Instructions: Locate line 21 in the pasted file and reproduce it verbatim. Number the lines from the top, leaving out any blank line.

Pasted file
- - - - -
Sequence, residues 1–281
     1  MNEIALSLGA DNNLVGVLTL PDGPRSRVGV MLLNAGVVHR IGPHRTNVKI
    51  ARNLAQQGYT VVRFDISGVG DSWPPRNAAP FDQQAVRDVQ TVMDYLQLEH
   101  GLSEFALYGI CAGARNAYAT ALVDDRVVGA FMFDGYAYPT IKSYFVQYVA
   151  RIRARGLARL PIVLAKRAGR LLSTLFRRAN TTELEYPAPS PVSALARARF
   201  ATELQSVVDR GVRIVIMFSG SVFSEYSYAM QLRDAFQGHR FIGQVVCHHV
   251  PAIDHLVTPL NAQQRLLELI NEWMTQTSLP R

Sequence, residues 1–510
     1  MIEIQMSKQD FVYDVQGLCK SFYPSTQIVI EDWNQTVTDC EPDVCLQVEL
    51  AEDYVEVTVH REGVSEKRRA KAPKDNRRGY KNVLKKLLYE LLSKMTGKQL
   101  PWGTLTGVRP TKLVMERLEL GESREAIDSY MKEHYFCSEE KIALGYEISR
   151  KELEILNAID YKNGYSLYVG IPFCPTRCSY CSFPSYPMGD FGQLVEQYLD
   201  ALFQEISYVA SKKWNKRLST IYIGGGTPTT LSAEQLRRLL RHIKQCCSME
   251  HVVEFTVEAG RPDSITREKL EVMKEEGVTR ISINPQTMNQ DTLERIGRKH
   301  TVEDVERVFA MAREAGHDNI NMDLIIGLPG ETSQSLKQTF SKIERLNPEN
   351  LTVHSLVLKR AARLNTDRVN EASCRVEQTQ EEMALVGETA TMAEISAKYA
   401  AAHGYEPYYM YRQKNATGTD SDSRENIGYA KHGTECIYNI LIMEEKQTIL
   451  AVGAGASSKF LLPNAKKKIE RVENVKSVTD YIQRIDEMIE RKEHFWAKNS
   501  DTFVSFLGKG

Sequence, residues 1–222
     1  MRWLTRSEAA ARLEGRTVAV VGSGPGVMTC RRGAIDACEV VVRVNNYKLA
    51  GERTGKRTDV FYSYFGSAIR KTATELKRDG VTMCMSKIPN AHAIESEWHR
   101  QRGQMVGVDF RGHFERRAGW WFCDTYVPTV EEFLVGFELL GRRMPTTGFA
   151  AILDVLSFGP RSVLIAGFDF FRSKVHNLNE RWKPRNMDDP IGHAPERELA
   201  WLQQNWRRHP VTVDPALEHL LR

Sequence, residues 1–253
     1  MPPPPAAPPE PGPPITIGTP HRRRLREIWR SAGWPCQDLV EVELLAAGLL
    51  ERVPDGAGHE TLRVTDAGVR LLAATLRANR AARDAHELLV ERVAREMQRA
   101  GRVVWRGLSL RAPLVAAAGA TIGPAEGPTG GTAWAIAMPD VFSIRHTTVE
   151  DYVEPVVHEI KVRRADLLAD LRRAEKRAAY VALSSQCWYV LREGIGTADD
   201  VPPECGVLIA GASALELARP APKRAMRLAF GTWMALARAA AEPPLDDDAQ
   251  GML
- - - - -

     1  MRWLTRSEAA ARLEGRTVAV VGSGPGVMTC RRGAIDACEV VVRVNNYKLA